The study published in the Journal of Child Psychology and Psychiatry showed symptoms “improved significantly” following four months of vitamin D3 supplements.
This effect was not seen in the placebo group.
The study involving a total of 109 children in Egypt aged 3-10 years is said to be the first double-blinded randomised clinical trial proving the efficacy of vitamin D3 in autism spectrum disorder (ASD) patients.
Researchers from the Assiut University in Egypt said the findings could justify new recommendations for children with the condition.
However they warned: “At this stage, this study is a single RCT with a small number of patients, and a great deal of additional wide-scale studies are needed to critically validate the efficacy of vitamin D in ASD.”
What is autism spectrum disorder?
Autism spectrum disorder (ASD), which can include forms like Asperger syndrome, is a condition that affects social interaction, communication, interests and behaviour.
Symptoms usually present themselves by the time a child is three years old, and can include difficulty with eye contact and body language and deviations from routine often triggering tantrums.
It's thought one in every 100 people in the UK has ASD, with boys more likely to be diagnosed than girls.
Carol Povey, director of the Centre for Autism at the National Autistic Society in the UK, echoed this saying it was “too early” to draw any firm conclusions from the study.
“It is important to remember that autism is a lifelong disability - children who are autistic will become autistic adults - and the most crucial thing is that every autistic person has the right support to meet their needs,” she told us.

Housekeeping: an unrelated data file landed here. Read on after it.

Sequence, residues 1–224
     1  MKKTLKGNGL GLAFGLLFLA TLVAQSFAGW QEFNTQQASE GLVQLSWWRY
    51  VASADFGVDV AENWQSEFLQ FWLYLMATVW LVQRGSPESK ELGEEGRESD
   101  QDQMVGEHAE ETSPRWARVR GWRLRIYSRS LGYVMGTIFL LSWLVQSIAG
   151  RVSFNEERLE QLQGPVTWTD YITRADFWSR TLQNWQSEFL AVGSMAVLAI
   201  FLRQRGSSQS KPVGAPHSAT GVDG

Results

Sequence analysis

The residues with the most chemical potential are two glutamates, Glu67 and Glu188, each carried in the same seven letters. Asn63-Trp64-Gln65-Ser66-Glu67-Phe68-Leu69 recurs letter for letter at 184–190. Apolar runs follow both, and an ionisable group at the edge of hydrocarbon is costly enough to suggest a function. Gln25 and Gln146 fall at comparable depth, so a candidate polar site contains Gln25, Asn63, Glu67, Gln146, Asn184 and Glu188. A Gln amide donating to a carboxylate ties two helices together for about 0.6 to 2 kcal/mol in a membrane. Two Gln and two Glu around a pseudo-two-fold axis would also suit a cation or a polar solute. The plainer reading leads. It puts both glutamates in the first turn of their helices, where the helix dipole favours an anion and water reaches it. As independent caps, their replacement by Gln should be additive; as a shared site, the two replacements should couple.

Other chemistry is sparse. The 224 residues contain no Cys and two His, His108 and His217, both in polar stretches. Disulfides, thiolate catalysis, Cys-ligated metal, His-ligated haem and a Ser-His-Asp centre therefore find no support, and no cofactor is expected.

“We urge that parents and autistic people do not base any decisions on this research until further studies are carried out.
“However, if reproducible large scale research can confirm this finding, it is possible that Vitamin D, alongside the right support, could help improve the lives of the 140,000 children on the autism spectrum in the UK.”
There is no ‘cure’ for autism, instead it is managed though education, supportive care, and behavioural strategies.
However this paper follows previous findings suggesting an association between the risk of ASD and low vitamin D levels.
Data published last year showed 57% of children with ASD had vitamin D deficiency, and another 30% of them had vitamin D ‘insufficiency’ and these levels were also linked with the severity of autism.
Maternal vitamin D deficiency during pregnancy and/or early childhood has also been put forward as a possible risk factor in the development of the condition.
The daily D dose
The daily doses in this latest study were worked out at 300 international units (IU) of vitamin D3 per kg of the children’s body weight and never exceeded 5,000 IU per day.
This year the European Food Safety Authority (EFSA) set an adequate intake (AI) level of 15 micrograms (600 IU) per day from food sources for adults and children.
The opinion built on from its 2012 recommendation that children aged 11-17 years should not exceed Tolerable Upper Intake Levels (ULs) of 100 µg per day (4,000 IU) while younger children should not exceed 50 µg/day (2,000 IU).
The researchers said the realitively high rates of vitamin D3 given to the children were “well tolerated”.
They said side effects such as skin rashes, itching and diarrhea were reported in five (8.3%) of the children.
Yet they said these side effects were mild and brief and only three patients discontinued the vitamin D treatment.
The autism severity and social maturity of the children were assessed using the Childhood Autism Rating Scale (CARS), Aberrant Behavior Checklist (ABC), Social Responsiveness Scale (SRS) and the Autism Treatment Evaluation Checklist (ATEC).
These scores tracked symptoms like irritability, hyperactivity, social withdrawal and inappropriate speech.
CARS scores improved by a 4–10 point drop in 42 (76.4%) of the children given vitamin D, while another 10 (18.2%) had a 1-3-point improvement. Only three (5.4%) children showed no improvements.
The paper was penned by researchers from eight different institutions: Assiut University, Aswan University, South Valley University and Alazhar University in Egypt, Almajmaah University in Saudi Arabia, the Council for Nutritional and Environmental Medicine in Norway, the First Hospital of Jilin in China and the University of Exeter in England.